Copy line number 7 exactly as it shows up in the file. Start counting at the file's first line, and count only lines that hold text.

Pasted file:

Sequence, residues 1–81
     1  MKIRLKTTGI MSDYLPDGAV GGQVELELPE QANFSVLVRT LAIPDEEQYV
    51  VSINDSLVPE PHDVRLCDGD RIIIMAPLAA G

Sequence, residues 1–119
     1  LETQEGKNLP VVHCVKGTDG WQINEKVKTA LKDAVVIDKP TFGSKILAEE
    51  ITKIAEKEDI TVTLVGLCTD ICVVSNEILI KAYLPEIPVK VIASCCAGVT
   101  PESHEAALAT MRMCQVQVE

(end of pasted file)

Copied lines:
   101  PESHEAALAT MRMCQVQVE